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The potential for transformative change and the role NFPs can play


19 May 2021 at 4:56 pm
Maggie Coggan
“In the NFP space, there is an additional contribution to the well-being of society that needs to be acknowledged.”


Maggie Coggan | 19 May 2021 at 4:56 pm


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The potential for transformative change and the role NFPs can play
19 May 2021 at 4:56 pm

“In the NFP space, there is an additional contribution to the well-being of society that needs to be acknowledged.”

Too much focus on service delivery, competition, and markets is standing in the way of community services organisations, stopping them from delivering transformative change, a sector leader believes. 

During an address at this year’s Communities in Control conference, the current NSW ageing and disability commissioner, and former commissioner with the Productivity Commission, Robert Fitzgerald AM, said that despite three decades of reforms across sectors including disability and aged care, there had been little progress. 

“Could any of us say that aged care reforms are actually delivering better quality care for older Australians within those institutions in recent times?” he asked.

He said that the sector needed to look beyond reform, and focus on community instead.   

“So I think the agenda is well beyond what reforms we wish to see, but rather whether or not we wish to use the very essence of what being a community is to create a new future,” he said.

Fitzgerald told Pro Bono News that COVID-19 had shown how the country could be transformed for the better, and that the community sector had the knowledge to drive this transition. 

“The community sector has a real legitimate role in the future of shaping Australia. COVID proved it,” Fitzgerald said. 


Read more: A decade of reviews with little social progress in between, new report reveals

He said that the reforms articulated by the 2010 Productivity Commission’s report provided an excellent roadmap for the NFP sector to strengthen its foundation, but there were a number of roadblocks.

“Over time there’s been a huge concentration on service delivery, competition, markets. The great value of the sector lies in what they call externalities or spillovers. That is, things like social cohesion, the restoring of social trust, social engagement, and the reduction of social isolation,” he said. 

“Unfortunately, however, we’ve seen no new information, data, or surveys being done about the economic and social strengths of the sector.” 

Steps forward 

To address these roadblocks, he said that organisations needed to highlight the value they provide to society, rather than just the service they provide. 

Fitzgerald added that while for-profit organisations had a role to play in delivering services such as aged care or disability care, they shouldn’t be the only players.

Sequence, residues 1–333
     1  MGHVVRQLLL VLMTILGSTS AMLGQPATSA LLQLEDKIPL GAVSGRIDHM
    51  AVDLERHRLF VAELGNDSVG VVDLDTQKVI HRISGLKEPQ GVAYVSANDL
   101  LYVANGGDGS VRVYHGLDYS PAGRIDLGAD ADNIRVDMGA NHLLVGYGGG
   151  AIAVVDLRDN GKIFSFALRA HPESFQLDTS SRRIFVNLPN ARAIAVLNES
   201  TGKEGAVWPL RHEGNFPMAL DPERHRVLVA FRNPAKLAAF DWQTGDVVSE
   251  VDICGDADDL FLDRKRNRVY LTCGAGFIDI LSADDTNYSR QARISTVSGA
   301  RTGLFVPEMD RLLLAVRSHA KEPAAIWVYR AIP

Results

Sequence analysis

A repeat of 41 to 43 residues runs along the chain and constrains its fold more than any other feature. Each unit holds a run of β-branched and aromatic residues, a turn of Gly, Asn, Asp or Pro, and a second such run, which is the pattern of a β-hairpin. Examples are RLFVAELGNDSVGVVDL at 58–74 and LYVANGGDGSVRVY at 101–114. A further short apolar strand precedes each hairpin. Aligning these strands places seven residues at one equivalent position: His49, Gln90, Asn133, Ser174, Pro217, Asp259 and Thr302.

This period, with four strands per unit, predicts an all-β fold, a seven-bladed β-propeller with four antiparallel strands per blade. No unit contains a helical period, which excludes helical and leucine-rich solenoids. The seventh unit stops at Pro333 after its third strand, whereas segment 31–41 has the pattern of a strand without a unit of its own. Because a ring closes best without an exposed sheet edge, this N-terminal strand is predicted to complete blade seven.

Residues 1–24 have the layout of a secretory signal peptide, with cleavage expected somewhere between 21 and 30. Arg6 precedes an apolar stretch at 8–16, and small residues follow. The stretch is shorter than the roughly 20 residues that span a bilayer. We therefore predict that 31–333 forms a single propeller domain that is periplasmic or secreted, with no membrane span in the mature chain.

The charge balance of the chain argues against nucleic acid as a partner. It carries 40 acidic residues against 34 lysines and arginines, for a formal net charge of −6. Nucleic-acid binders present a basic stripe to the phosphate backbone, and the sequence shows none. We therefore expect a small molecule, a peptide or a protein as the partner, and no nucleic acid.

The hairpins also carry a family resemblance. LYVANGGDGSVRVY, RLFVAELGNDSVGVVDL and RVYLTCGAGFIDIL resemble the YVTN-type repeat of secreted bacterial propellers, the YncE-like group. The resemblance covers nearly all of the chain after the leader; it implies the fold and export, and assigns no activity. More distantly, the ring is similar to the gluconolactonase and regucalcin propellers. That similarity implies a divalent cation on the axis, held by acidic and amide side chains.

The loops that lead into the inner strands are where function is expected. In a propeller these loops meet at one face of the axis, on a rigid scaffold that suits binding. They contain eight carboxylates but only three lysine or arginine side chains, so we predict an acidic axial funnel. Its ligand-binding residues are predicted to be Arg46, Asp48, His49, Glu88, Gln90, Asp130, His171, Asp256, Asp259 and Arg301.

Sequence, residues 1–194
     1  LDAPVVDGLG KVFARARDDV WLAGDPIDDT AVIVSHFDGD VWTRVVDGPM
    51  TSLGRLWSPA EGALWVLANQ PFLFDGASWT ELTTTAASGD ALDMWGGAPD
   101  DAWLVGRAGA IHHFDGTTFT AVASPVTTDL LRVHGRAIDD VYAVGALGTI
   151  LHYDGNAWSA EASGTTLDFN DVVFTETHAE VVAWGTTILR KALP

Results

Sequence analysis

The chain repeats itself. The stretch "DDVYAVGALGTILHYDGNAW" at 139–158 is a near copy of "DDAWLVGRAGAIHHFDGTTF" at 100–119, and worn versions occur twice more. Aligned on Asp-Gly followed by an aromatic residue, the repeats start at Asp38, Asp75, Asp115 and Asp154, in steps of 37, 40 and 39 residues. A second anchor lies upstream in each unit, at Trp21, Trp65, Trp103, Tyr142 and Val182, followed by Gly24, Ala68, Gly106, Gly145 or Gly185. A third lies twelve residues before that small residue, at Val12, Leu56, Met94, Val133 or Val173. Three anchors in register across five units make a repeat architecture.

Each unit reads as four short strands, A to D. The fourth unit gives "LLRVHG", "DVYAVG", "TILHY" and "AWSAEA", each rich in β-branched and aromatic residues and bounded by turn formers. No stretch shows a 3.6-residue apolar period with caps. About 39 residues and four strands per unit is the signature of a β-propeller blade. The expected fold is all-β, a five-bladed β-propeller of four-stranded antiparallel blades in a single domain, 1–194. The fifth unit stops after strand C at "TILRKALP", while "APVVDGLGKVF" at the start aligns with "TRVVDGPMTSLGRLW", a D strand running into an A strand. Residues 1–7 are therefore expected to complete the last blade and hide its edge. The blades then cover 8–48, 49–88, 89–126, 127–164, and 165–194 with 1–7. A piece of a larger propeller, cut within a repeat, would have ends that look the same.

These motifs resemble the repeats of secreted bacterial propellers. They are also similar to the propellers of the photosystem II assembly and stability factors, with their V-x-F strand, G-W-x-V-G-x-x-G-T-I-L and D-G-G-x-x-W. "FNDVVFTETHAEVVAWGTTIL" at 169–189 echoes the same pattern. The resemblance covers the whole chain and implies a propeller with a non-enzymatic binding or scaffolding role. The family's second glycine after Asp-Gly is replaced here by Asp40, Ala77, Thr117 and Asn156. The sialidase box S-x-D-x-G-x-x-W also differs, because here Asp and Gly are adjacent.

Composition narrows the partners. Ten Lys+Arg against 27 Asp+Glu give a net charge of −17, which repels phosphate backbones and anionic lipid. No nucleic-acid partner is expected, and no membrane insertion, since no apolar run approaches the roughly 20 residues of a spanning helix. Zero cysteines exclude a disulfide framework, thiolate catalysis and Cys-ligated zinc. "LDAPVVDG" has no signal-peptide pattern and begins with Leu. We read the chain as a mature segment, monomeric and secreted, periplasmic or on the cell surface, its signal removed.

“For-profit providers absolutely have a role and many of them are outstanding performers, but what NFP organisations give to society is so much more valuable, and yet it is not acknowledged,” he said.  

“In the NFP space, there is an additional contribution to the well-being of society that needs to be acknowledged.”

He said that it was important community services were delivered by a range of small and large organisations and not dominated by a few large for-profit and NFP entities. 

“It would be fatal to those human service markets if they are dominated almost exclusively by large for-profit and NFP organisations,” he said.  

“Because while they have a role, we do need to be very cautious about this notion that big is better because big is the only way to achieve efficiency, that is not true… it’s a falsehood that is being propagated by far too many people who should know better.” 

Collaboration not competition 

Fitzgerald also said that a major force holding the community sector back was a lack of collaboration because there was too much focus on competing for recognition or funding.  

“In order to get governments excited and engaged about the work you’re doing [you need to] work together, form alliances, form coalitions and collaborate no matter what anybody else says,” he said. 

“You can be a competitor for funding, but still be collaborative in terms of best practice in working together to achieve the aims and objectives for the people in your community.” 

He said that Australia had a rare opportunity, to redevelop a strong civil society, one that would support the country’s most vulnerable. 

“Australia did have one of the strongest civil societies in the world, but it’s been sidetracked by an obsession with service delivery, markets and competition to the exclusion of all else,” he said. 

“We absolutely need organisations at the local level who actually activate the community in supporting each other. 

“That’s what civil society is all about.”


Maggie Coggan  |  Journalist  |  @MaggieCoggan

Maggie Coggan is a journalist at Pro Bono News covering the social sector.

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